View Full Version : Why is no one making useful devices?

October 28th, 2012, 07:31 PM
I saw couple of other threads that touch on this subject, but none of them ever achieved satisfactory bitching and whining.

With the fast adoption of +2 gigs memory,4 cores processors, "powerful" graphic, all capable of playing smoothly HD videos, 3D games, and browsing smoothly internet, what is holding back software to turn smart phones in useful general-purpose desktop replacements?

Imagine this: having your smart phone hooked via mini hdmi to an arbitrary monitor/TV set, adopt the new device resolution, turn off the device's screen itself, and have a totally awesome desktop, which you can synch (files) with your main desktop, if you'd have one. Nokia n8 can do this, but the resolution doesn't change. Well, it does change - you can watch HD stuff or play a game if it's HD, but it's sucking somehow. So you'd have the same ability a desktop computer has, but limited only performance, not capability.

We're talking about general purpose desktops here - writting stuff (office), e-mail, internet... Not studio workstations that composite 4k plates with 3D generated content, or some high-end gaming rigs that consume more energy than the LHC.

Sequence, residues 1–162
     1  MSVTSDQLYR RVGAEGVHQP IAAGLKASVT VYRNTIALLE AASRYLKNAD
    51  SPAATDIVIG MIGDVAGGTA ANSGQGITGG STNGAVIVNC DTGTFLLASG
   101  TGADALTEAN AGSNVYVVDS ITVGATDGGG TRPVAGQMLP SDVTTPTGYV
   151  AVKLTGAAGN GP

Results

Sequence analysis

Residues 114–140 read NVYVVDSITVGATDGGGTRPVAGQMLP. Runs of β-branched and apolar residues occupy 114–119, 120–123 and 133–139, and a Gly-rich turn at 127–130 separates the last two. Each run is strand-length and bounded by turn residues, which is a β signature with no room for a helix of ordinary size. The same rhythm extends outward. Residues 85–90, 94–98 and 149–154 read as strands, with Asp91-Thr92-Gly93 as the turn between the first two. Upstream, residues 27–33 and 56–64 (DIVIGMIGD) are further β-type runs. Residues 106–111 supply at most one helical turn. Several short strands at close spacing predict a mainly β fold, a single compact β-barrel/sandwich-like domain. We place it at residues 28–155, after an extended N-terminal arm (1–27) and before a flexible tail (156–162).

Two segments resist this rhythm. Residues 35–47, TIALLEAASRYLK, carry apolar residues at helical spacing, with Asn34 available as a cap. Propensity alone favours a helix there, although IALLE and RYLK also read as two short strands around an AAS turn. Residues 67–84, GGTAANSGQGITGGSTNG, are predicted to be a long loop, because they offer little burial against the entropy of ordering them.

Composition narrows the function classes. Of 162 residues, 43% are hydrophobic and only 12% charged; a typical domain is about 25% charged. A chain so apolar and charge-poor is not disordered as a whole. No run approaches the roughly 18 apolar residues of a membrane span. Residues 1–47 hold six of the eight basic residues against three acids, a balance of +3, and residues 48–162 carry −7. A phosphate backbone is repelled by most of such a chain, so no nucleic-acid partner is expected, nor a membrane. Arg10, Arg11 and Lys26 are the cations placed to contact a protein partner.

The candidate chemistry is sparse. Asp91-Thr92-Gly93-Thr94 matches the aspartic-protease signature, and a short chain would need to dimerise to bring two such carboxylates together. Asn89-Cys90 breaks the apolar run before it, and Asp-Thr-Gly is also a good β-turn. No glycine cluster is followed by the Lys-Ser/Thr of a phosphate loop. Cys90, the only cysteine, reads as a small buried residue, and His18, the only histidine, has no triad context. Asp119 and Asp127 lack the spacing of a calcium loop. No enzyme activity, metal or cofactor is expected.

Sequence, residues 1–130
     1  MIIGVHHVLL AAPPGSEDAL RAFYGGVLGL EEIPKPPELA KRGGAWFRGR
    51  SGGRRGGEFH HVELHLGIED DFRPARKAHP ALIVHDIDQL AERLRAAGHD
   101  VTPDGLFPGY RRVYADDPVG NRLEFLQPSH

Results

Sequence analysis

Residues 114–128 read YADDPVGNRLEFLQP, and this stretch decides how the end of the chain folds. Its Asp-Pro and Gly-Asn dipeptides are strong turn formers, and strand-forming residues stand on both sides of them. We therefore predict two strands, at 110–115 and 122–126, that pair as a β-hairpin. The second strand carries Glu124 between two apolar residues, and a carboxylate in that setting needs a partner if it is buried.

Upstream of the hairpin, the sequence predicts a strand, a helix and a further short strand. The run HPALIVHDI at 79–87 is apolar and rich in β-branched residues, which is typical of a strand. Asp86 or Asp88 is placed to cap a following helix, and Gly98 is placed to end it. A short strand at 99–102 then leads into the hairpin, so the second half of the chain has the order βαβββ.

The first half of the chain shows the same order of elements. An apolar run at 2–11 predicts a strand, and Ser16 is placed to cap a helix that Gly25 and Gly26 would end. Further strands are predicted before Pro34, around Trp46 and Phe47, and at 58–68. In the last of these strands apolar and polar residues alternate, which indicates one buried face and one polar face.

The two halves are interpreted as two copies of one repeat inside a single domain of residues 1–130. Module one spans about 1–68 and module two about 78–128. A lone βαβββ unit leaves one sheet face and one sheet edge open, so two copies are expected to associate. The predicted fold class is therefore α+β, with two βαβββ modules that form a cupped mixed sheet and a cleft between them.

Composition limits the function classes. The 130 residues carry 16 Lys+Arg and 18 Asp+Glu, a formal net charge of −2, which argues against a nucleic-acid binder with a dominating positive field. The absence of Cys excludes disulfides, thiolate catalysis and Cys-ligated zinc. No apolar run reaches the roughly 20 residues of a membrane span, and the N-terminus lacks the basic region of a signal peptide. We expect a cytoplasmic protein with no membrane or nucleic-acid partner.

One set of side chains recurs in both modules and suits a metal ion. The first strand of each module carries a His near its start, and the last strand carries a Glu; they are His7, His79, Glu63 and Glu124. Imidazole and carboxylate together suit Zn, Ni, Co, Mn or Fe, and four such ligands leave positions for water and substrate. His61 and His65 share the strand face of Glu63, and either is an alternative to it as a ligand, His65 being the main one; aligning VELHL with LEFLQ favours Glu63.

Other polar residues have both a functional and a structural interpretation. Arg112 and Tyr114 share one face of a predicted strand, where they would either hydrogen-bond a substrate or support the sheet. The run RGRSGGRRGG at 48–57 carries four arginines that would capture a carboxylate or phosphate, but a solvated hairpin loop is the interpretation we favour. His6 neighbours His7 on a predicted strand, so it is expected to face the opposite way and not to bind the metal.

And i saw the Ubuntu phone, but that seemed a hack - running on top of Android.

Gene Wilburn
October 28th, 2012, 08:01 PM
By useful devices, do you mean running full Linux on devices such as smartphones and tablets?

If so, I think it starts here, with getting a release working on the Nexus 7 tablet.


Perhaps you meant something else, like a new class of devices.

October 28th, 2012, 09:30 PM
Nothings holding them back. Basic desktop for 45. 80 if you buy everything full price in the below link.

It has HDMI and changes resolution too up to 1280 x 1024 (haven't tried any better).


Paddy Landau
October 28th, 2012, 09:40 PM
The "Ubuntu phone" may seem like a hack to you, but let's be realistic: there are only three contenders for the smartphone.

Android, Windows, iPhone.

Ubuntu would never have a chance of competing against any of them.

Android is Linux, as is Ubuntu. (I had heard that Android, initially, was based on Ubuntu, but I don't know if that is true.)

Ubuntu for Android (http://www.ubuntu.com/devices/android) is ingenious. It gets Ubuntu onto smartphones, where it can gain a huge audience. When users discover OMG Ubuntu is also available as a desktop operating system!, it will help to bring Linux to new users.